Washington Capitals forward Tom Wilson has had his 20-game suspension reduced to 14 by a neutral arbitrator and is eligible to play immediately.
Wilson has already served 16 games of his suspension for an illegal check to the head of St. Louis forward Oskar Sundqvist in each team’s preseason finale.
The ruling by Shyam Das allows Wilson to return as soon as Tuesday night at Minnesota, and the 24-year-old will recoup $378,049 of the $1.26 million he initially forfeited as part of the suspension.
The 20-game ban handed down by the NHL’s department of player safety came after Wilson was suspended three previous times in 13 months.
Commissioner Gary Bettman upheld Wilson’s suspension on appeal before it went to Das, the same arbitrator who earlier this season reduced Nashville forward Austin Watson’s domestic violence suspension from 27 games to 18.
Since September 2017, Wilson had been suspended two preseason games for interference against the Blues’ Robert Thomas, four games for boarding the Blues’ Sammy Blais and three playoff games for an illegal check to the head of the Penguins’ Zach Aston-Reese.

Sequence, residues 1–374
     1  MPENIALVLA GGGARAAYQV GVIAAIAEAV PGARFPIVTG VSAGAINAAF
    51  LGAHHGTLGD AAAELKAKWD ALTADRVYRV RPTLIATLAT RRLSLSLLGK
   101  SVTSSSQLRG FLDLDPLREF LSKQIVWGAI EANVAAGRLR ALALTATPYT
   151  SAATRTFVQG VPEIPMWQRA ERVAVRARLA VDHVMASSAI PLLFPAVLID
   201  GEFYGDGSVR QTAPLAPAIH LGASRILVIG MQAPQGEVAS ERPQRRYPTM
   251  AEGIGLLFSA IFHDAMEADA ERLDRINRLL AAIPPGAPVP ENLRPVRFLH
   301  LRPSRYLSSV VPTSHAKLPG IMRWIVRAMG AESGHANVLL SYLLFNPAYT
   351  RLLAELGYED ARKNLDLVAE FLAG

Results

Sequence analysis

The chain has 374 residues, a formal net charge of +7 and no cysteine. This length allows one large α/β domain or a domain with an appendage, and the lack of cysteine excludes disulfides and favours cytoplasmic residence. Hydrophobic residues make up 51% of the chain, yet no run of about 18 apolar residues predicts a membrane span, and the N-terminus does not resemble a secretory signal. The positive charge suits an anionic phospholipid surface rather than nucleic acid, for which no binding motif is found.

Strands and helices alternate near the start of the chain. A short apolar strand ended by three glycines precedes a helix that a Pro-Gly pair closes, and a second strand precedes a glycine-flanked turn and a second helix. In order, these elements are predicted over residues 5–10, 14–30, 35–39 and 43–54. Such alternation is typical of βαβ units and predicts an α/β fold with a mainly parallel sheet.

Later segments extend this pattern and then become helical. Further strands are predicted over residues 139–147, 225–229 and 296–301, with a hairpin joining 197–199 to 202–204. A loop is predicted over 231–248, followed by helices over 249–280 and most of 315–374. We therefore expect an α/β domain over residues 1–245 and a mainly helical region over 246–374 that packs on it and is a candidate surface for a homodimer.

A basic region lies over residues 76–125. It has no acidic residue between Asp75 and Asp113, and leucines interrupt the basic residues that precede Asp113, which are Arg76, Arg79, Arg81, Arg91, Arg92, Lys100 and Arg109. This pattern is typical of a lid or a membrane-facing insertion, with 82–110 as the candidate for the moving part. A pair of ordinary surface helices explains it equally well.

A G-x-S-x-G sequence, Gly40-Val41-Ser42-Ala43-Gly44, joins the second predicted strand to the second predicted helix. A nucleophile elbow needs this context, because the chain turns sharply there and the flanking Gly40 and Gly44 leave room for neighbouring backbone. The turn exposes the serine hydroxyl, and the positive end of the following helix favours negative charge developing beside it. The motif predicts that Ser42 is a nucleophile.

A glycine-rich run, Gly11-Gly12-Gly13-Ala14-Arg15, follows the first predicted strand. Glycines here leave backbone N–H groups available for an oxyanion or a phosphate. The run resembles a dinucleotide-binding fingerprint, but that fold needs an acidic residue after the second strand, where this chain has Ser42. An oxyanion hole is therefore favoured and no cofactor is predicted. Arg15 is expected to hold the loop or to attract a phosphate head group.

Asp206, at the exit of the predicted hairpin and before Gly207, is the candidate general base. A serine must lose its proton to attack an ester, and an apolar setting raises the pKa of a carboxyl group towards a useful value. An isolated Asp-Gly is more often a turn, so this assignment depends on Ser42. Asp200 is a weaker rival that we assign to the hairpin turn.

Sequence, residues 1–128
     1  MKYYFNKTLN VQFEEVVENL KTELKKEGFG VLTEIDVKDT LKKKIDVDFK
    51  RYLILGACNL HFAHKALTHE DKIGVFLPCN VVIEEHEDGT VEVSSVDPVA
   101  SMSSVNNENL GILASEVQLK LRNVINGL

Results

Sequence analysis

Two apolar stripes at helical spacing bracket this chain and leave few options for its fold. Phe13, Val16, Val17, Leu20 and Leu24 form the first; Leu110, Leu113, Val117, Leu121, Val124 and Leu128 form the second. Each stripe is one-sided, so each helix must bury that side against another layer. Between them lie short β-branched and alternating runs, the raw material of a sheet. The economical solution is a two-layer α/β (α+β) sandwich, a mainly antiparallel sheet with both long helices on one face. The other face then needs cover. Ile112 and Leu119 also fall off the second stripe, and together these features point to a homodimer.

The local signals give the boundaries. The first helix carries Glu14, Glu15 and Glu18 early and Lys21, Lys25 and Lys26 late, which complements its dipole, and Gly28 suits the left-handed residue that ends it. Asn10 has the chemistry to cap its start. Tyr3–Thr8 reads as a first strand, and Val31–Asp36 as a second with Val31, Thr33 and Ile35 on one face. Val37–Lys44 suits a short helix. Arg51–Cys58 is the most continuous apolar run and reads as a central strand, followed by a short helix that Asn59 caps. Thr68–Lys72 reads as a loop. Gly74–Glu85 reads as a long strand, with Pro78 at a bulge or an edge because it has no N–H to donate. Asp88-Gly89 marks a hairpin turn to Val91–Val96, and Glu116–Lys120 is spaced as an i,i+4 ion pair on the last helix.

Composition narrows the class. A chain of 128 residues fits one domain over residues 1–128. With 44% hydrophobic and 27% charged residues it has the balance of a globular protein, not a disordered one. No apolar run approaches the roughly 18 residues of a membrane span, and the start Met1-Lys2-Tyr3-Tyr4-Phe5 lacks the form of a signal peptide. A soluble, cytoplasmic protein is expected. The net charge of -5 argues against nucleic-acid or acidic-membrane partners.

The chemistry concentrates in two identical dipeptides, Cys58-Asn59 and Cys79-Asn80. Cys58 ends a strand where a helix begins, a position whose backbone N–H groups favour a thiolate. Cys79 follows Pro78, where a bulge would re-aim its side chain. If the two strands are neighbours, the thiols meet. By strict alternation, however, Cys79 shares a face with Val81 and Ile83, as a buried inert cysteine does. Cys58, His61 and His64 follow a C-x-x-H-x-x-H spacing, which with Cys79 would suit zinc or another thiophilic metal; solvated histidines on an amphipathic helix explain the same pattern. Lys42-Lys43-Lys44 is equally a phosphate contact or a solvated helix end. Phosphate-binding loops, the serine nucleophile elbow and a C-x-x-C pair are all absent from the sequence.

Das wrote in his 42-page opinion that he agreed with the league that Wilson violated Rule 48 with an illegal check to the head and was not persuaded by the Players’ Association’s arguments that included a suggested eight-game suspension. Das also wrote: "The length of the 20-game suspension imposed was not supported by substantial evidence" and decided on 14 by treating the three-game playoff suspension as six, doubling it given Wilson’s recent history and adding two games for Sundqvist’s concussion and shoulder injury.
"The league did what they thought was appropriate," Aston-Reese said recently when asked about Wilson’s latest suspension. "When the league comes down like that, you’ve always got to re-think your game. I’m sure he’s just doing what he thinks is best for him."
Das is the same neutral arbitrator fired by Major League Baseball in 2012 after he overturned Ryan Braun’s drug suspension. The NHL fired arbitrator James Oldham in 2016 after his decision to reduce Dennis Wideman’s 20-game suspension to 10 for striking and injuring an official.